Natick Massachusetts, 1890


Natick
is a large and flourishing town in the southerly part of Middlesex County, noted chiefly for its shoe manufacture. The Boston and Albany Railroad crosses the town, having its chief station in Natick village, at the centre, 17 miles from Boston. From this point a branch road extends to Saxonville, on the Sudbury River, in Framingham. The large angles of the town lie at its north, south and west. The assessed area is 8,309 acres. Wayland bounds it on the north, Needham on the east, Sherborn on the southwest, and Framingham on the northwest.

The most commanding eminence is Pegan Hill, at the southeast, 408 feet in height. Others are Tom's Hill in the west, and Fisk's and Broad hills near the centre, from which may he had fine views of the principal village and of Lake Cochituate. This beautiful expanse of water extends from the central part of the town northward along the borders of Framingham and Wayland. Eastward, just over the border, are the Wellesley ponds. There are other small ponds in the northeast, south and west. Dispersed about the town are tracts of forest to the extent of 1,870 acres. There is a well-wooded range of small hills in the south and east, whose most elevated summits mark the form of a rude letter S. Not far from these flows the Charles River across the southeast corner of the town into Needham, furnishing power at South Natick. This valley drew from President Washington the remark, "Nature seems to have lavished all her beauties here."

The soil of this town is not remarkably fertile, yet skilful cultivation procures good crops. The value of the product of the 92 farms in 1888 was $96,815.

About the year 1830 Natick began to make a kind of sale shoes called "brogans," by hand, for the Southern market. A few years later machinery was introduced, and about the same time railroad communication was opened with Boston; and under the lead of the enterprising men, among whom were the Messrs. Walcott, Hon. Henry Wilson, Isaac Felch and others, the business increased. Workmen came in, new streets were laid out, buildings erected, new firms and shops established; so that from a sparsely settled town of 890 inhabitants in 1830 it has come to contain at this date up-wards of 10,000 people (census of 1885, 8,460). One mile north of the centre the enterprising village of Felchville sprang up; and the very handsome village of South Natick has been steadily increasing. Other villages are Mossville, in the southwest, and North and West Natick. Natick and South Natick are the post-offices. The central villages are connected by a street railway; and the place is a trade centre for neighboring towns.

[residence of Hon. Henry Wilson, Natick, Mass.]

There were in the town in 1885, 28 shoe establishments, employing 1,505 persons, and making goods to the value, in that year, of $2,042,856. There are also manufactures of lumber, boxes, furniture, leather, paint, straw goods and other clothing, base balls, metallic goods, carriages, textiles, soap, flour and meal and other food preparations. The value of the aggregate product was $2,534,495. The Natick National Bank has a capital of $100,000; and the savings bank, at the opening of the present year, held deposits to the amount of $934,768. The taxed dwelling-houses in 1888 were 1,594 in number; the legal voters, 2,117; the valuation was $5,193,230, and the tax-rate $17.20 on $1,000.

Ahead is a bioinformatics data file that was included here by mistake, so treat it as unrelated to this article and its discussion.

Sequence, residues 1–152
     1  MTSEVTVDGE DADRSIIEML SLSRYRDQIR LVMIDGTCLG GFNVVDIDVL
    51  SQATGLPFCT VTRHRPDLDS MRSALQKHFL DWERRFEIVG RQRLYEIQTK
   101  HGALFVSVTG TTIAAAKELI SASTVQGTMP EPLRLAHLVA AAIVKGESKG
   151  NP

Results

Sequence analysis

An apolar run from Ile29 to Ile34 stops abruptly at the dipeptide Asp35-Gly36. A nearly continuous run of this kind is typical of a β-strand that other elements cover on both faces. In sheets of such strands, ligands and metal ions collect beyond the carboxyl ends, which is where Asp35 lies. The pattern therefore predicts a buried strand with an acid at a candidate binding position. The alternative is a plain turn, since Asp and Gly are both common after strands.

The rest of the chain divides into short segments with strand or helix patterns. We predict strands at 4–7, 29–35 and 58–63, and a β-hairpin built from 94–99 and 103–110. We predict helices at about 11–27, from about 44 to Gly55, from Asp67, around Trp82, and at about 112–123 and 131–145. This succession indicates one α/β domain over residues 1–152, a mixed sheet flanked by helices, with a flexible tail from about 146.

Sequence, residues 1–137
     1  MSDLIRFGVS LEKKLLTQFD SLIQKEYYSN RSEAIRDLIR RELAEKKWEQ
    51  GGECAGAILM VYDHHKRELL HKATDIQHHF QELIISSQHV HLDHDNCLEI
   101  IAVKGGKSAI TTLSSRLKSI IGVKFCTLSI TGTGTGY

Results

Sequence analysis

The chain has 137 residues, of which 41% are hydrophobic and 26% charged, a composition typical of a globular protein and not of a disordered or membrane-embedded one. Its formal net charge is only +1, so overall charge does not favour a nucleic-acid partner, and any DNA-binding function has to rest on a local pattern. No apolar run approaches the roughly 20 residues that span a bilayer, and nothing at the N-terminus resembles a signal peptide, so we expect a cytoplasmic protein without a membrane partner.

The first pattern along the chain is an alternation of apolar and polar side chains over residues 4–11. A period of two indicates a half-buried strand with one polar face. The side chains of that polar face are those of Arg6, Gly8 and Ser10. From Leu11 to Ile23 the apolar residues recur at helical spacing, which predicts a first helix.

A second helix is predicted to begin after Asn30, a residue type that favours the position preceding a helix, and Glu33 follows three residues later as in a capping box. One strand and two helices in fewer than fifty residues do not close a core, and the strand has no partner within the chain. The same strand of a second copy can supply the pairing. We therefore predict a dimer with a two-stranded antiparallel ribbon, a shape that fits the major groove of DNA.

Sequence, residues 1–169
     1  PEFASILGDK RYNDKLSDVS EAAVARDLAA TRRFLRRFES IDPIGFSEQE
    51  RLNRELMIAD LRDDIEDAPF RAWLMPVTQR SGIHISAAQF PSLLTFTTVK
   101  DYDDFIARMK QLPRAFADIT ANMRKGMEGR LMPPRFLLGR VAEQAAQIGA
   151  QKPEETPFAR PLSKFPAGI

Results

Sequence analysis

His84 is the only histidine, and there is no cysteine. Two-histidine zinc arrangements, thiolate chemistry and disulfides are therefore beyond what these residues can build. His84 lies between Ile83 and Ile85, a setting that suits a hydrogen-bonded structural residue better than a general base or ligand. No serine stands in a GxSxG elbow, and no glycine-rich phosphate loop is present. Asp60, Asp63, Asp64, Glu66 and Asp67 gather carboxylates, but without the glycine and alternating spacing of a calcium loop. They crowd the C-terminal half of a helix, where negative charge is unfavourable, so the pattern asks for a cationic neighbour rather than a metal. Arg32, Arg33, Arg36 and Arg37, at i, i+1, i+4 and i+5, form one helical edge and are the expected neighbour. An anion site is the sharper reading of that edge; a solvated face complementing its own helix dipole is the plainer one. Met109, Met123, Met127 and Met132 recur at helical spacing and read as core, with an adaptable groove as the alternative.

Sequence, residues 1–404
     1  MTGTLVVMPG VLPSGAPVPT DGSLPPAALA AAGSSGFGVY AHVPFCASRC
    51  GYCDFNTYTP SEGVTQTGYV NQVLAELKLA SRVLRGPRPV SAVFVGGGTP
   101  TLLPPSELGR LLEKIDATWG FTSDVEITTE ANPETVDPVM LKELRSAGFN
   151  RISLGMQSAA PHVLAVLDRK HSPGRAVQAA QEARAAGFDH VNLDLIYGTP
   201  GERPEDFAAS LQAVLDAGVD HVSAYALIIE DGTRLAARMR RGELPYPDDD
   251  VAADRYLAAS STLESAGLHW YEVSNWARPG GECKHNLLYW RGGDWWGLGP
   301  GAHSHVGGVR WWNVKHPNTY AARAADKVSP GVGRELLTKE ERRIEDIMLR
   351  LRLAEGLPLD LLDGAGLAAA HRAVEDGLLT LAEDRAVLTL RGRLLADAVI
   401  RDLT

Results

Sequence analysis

There are a good town-hall, a well-shaded park, an excellent opera house, and a fine library building of brick (the "Morse Institute") containing a free reading-room and a library of nearly 20,000 volumes. The Odd Fellows also have a good three-storied edifice of brick. There is a good high school at the centre, and spacious buildings for the lower grades here and in other villages; their value being about $50,000. The churches are one each of the Baptists, Congregationalists, Methodists, Episcopalians and Roman Catholics, in the central part of the town, and a Congregationalist, a Unitarian and a Roman Catholic at South Natick. The Dell-park Cemetery is beautiful in itself and in its situation.

The oldest newspaper is the "Natick Bulletin;" the "Natick Weekly Review" is a more recent Democratic venture; and the " Natick Citizen" is a pronounced Republican prohibition journal; the good effects of its work being shown by the establishment of local prohibition in the town. The land as a whole is elevated, and the water-supply excellent.

The celebrated John Eliot, the apostle to the Indians, established the first Indian church in New England in this town in 1660. Three years later, the Bible, translated by him into the Nipmuck language, was printed at Cambridge. The oak tree under which he used to instruct the sons of the forest is still pointed out. There is an Indian burial place at South Natick, and one at the centre. The name Natick is an Indian word signifying " a place of hills." This town first appears in the State records, April 16, 1679, as a plantation making an exchange of lands with Sherborn. On February 23, 1762, it is recorded: " The parish of Natick established as the district of Natick;" and on February 19, 1781, the district was made the town of Natick.

Of the eminent people associated with this town, there are William Bigelow (1773-1844), editor and poet; Calvin E. Stowe, D.D. (1802-1885), an able divine and educator, the husband of Mrs. Harriet Beecher Stowe, the author; Alexander W. Thayer (1807), a musical critic and author; and Hon. Henry Wilson, shoe manufacturer, U.S. senator, and vice-president of the nation.

pp. 483-486 in Nason and Varney's Massachusetts Gazetteer, 1890

Gazetteer